Training Your Cat With Treats and Praise
We all like to be praised rather than punished. The same is true for your cat, and that’s the theory behind positive reinforcement. Positive reinforcement means giving your pet something pleasant or rewarding immediately after she does something you want her to do. Because your praise or reward makes her more likely to repeat that behavior in the future, it is one of your most powerful tools for shaping or changing your cat’s behavior. It’s more effective to teach your pet what she should do than try to teach her what she shouldn’t.
Correct timing is essential when using positive reinforcement. The reward must occur immediately—within seconds—or your cat may not associate it with the proper action. For example, keep some pieces of dry cat food in your pocket; when your cat uses her scratching post, you can throw a piece for her to chase as a reward. Many cats enjoy chasing (hunting) their food and its good exercise, too. If you throw the food when she has stopped scratching the post and she is walking towards you, she will think she’s being rewarded for coming to you.
Consistency is also an important element in training. Everyone in the family should reward the same desired behaviors.
Using Positive Reinforcement
For your pet, positive reinforcement may include food treats, praise, petting, or a favorite toy or game. When your pet is first learning a new behavior, such as clawing the scratching post instead of your couch, she should be rewarded every time you catch her using her scratching post. You may even help shape her behavior of using the scratching post by spraying it with catnip (if she reacts positively to catnip) or enticing her with a toy that you dangle on the post. This will excite her and cause her to claw at the toy (and the scratching post).
Conversely, avoid taking her over to the scratching post, positioning her paws on the post, and raking them along the post to show your cat what she’s supposed to do. This will likely have the opposite effect and make her less likely to use the post. She may interpret your actions as frightening and uncomfortable. It’s important to look at the world from her point of view.
Once your cat reliably offers the desired behavior, you may reward her with treats intermittently—for example, three out of every four times she does the behavior. Then, over time, reward her about half the time, then about a third of the time, and so on, until you’re only rewarding her occasionally with a treat. Continue to praise her every time. Your cat will learn that if she keeps offering desired behaviors, eventually she’ll get what she wants—your praise and an occasional treat. You won’t be forever bound to carry a pocketful of goodies, but it’s fun to surprise your cat from time to time.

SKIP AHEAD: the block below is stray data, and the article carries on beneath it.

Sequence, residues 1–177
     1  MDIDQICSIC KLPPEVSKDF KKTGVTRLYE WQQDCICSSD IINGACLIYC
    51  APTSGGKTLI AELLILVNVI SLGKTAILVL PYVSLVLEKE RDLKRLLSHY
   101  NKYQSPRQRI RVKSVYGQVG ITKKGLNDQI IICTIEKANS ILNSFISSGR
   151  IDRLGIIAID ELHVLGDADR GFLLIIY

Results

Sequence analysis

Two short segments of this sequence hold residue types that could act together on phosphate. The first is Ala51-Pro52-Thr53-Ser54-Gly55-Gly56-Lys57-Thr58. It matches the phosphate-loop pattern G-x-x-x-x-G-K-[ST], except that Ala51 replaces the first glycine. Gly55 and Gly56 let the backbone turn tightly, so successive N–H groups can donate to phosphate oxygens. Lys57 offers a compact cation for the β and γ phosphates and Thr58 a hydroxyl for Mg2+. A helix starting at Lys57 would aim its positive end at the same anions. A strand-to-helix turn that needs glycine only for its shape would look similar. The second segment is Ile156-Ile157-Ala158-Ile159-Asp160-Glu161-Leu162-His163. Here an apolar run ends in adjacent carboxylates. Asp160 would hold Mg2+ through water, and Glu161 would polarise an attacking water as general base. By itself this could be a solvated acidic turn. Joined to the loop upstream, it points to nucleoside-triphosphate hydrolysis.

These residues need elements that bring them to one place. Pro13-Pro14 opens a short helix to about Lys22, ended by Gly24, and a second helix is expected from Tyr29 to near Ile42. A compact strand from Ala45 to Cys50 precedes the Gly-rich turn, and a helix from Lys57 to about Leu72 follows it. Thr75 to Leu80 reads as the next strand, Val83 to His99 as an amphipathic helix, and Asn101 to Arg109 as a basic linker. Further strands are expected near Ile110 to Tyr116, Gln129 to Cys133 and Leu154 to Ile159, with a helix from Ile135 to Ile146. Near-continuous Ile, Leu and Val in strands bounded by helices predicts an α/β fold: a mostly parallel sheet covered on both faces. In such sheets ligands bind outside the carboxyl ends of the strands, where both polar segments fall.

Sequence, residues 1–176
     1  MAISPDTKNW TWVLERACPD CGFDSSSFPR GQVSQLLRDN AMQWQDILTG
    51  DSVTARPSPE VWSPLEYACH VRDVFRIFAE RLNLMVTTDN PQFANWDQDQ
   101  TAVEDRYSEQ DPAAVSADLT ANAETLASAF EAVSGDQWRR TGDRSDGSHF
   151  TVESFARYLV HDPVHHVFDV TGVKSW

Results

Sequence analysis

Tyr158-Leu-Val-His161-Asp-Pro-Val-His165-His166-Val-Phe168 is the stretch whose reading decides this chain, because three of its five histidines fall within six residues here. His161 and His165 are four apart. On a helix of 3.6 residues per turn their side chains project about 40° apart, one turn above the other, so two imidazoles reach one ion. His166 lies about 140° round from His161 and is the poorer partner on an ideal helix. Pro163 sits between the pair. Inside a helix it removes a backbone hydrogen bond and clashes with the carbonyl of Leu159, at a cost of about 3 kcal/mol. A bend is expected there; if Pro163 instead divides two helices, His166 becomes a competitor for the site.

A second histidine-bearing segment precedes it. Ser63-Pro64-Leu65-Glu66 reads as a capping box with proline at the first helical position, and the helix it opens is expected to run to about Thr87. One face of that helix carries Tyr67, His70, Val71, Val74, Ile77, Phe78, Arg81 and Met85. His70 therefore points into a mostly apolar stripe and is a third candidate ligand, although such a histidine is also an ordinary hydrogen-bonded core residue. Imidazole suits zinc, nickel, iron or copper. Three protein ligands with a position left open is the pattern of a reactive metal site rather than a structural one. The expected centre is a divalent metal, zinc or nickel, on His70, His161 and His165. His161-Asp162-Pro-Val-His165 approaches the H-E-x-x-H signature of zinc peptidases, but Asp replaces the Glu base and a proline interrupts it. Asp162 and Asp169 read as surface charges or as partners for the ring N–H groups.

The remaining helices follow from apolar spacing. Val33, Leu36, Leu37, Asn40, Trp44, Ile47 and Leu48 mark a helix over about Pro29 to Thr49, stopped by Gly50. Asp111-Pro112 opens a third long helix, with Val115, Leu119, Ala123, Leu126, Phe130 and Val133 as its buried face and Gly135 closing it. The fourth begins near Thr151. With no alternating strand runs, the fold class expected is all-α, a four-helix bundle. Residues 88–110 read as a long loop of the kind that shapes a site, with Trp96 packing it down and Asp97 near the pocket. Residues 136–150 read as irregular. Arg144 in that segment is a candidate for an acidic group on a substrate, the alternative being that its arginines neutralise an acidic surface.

The Pros and Cons of Punishment
Punishment can be verbal, postural, or physical and is meant to make your pet immediately associate something unpleasant with a behavior you don’t want her to engage in. The punishment makes it less likely that the behavior will occur again. To be effective, punishment must be delivered while your pet is engaged in the undesirable behavior–in other words, “caught in the act.” If the punishment is delivered too late, even seconds later, your pet will not associate the punishment with the undesired behavior. The punishment will seem totally unpredictable to her.
Remember, cats do not act out of spite or revenge and they don’t have a moral sense of right and wrong. Never use physical punishment that involves discomfort or pain; in addition to being inhumane, such punishment may cause your cat to bite, defend herself, or resort to other undesirable behaviors. For example, holding your cat’s neck skin and shaking her may result in a frightened cat that scratches or bites to defend herself.
Also, your cat might associate the punishment with other stimuli, including people, who are present at the time the punishment occurs. For example, a cat that is punished for getting too close to a new baby may become fearful of, or aggressive to, that baby—or to other babies. That’s why physical punishment is not only bad for your cat; it’s also bad for you and others.
It’s easy to understand that punishment delivered by you may erode your cat’s trust and frighten her. That’s why punishment is most effective when it does not come directly from you. For example, if your cat enjoys scratching the couch, you may apply special double-sided tape to those surfaces. Cats rarely like sticky paws. Thus your cat perceives the couch, and not you, to be delivering the punishment. In this way, too, your cat is more likely to avoid the undesirable behavior even when you’re not around. However, it is critical that while discouraging undesirable behaviors, you help your cat understand what you want her to do and provide appropriate outlets for her normal cat behaviors. (For more information on specific tools and techniques to keep your cat away from particular places or to stop her from engaging in certain behaviors, see our tip sheet on Using Aversives to Modify Your Cat’s Behavior.)
One of the reasons that cats are such fun companions is that when they’re not sleeping, many of them enjoy playing. Playing with your cat will not only help her physical and behavioral development, but it can also reduce undesirable behaviors. Be sure your cat has safe toys to play with by herself, and don’t underestimate the power of playing with your cat to strengthen the bond between you and enhance the quality of life for both of you.
© 2002. Adapted from material originally developed by applied animal behaviorists at the Dumb Friends League, Denver, Colorado. All rights reserved.